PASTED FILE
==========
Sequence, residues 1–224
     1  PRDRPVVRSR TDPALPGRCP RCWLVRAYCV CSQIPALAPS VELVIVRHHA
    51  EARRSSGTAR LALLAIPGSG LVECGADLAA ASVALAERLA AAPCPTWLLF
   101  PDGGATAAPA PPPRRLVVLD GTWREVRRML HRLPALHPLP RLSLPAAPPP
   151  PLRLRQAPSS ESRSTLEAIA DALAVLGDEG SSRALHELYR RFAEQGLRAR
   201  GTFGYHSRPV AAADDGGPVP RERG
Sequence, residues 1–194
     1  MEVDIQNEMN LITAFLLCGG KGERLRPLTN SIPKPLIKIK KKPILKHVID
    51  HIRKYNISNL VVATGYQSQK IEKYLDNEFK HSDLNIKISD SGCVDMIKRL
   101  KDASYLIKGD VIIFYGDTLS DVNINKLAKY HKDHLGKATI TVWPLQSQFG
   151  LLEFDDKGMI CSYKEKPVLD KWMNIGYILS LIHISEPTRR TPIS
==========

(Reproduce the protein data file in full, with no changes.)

Sequence, residues 1–224
     1  PRDRPVVRSR TDPALPGRCP RCWLVRAYCV CSQIPALAPS VELVIVRHHA
    51  EARRSSGTAR LALLAIPGSG LVECGADLAA ASVALAERLA AAPCPTWLLF
   101  PDGGATAAPA PPPRRLVVLD GTWREVRRML HRLPALHPLP RLSLPAAPPP
   151  PLRLRQAPSS ESRSTLEAIA DALAVLGDEG SSRALHELYR RFAEQGLRAR
   201  GTFGYHSRPV AAADDGGPVP RERG
Sequence, residues 1–194
     1  MEVDIQNEMN LITAFLLCGG KGERLRPLTN SIPKPLIKIK KKPILKHVID
    51  HIRKYNISNL VVATGYQSQK IEKYLDNEFK HSDLNIKISD SGCVDMIKRL
   101  KDASYLIKGD VIIFYGDTLS DVNINKLAKY HKDHLGKATI TVWPLQSQFG
   151  LLEFDDKGMI CSYKEKPVLD KWMNIGYILS LIHISEPTRR TPIS